A Dangerous Woman from Nowhere
Briar Logan has survived trauma upon trauma in her past. But now the pioneer woman has a good life in the Old West, accompanied by a good man: her husband, Logan. But one night, evil visits her remote ranch. A group of ruthless horsemen kidnaps Logan, and they ride away into the night. Briar watches them go, and determines to slip into an old persona, Mika, to whom violence and anger come naturally. She will get her man back if it’s the last thing she does.
Except that first she has to reflect upon said past traumas, and think about having chickens for dinner, and meet a neighbor woman, and notice the beautiful sky and the beautiful land, and get roped into taking a young field hand along with her. By this time, the reader is nearly a quarter of the way through the book, and Briar hasn’t even started after her husband yet. Neither does she spend any time worrying about him. She does think about how she’s a dangerous woman, though. And she’s from nowhere. But it takes a long time for her to prove her danger by taking action to get her beloved husband back. Without this sense of urgency, the book has little drive.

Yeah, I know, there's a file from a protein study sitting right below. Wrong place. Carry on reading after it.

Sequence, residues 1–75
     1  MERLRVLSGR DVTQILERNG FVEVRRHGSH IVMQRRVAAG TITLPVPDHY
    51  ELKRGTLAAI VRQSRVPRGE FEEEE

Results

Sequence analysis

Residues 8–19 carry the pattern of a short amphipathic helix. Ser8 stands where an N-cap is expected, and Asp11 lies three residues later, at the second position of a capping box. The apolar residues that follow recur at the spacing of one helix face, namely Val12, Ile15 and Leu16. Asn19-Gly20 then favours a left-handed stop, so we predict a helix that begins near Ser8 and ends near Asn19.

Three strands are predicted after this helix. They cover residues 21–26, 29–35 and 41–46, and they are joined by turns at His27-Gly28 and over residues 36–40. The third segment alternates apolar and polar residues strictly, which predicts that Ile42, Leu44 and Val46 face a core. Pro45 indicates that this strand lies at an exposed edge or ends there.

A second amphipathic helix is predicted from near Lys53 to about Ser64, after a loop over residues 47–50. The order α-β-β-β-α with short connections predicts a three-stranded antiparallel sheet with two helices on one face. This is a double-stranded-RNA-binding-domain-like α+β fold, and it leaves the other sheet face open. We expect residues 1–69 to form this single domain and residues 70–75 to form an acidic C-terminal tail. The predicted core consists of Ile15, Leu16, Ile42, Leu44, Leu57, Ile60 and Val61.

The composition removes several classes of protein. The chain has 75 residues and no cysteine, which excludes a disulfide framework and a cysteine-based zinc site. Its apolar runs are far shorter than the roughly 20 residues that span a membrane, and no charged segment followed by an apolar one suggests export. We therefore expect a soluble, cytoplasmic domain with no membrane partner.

The book purports to be an adventure, and instead it meanders along like a boat on a lazy summer stream, bobbing and drifting and observing. But once the puzzle places are set up, the story unfolds, and the sluggishness at the beginning passes away. If you have patience, you may enjoy the journey of damaged people toward redemption and love.